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From: RRFC Mentor News - August 21, 2017


Recording Connection mentor Ira Parker on Presenting
Your Authentic Artistic Self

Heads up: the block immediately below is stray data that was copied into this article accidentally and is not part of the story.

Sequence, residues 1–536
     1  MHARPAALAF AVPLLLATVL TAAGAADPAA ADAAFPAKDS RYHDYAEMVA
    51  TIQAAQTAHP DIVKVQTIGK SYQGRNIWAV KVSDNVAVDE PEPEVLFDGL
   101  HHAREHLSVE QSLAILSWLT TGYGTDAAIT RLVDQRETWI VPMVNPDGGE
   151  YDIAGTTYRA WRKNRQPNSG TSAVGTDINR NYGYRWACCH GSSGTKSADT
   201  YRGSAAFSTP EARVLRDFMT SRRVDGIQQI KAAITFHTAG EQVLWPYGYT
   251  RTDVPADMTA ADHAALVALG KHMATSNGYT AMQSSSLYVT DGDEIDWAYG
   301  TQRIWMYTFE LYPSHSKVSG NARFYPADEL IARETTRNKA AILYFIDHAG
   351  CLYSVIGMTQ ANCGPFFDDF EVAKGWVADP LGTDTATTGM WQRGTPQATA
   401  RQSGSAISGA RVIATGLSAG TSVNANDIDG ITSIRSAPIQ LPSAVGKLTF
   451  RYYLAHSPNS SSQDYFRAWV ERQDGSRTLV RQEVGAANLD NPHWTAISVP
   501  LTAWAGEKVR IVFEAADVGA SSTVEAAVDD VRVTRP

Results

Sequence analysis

With more than 20 years of experience and hundreds of recording projects to his credit, Recording Connection mentor Ira Parker is a solid industry veteran to say the least. As founder of Maximus Music Records in Charlotte, NC, Ira works with a wide range of clients, and in the process he goes the extra mile to make sure his students get a full range of experience. Not just satisfied to teach the fundamentals, Ira also is passionate about helping students learn how to convey themselves professionally and to network in order to get clients. In the following interview, Ira offers some key advice on that topic, shares his secrets on staying inspired—and even brags on a few of his students along the way! Enjoy!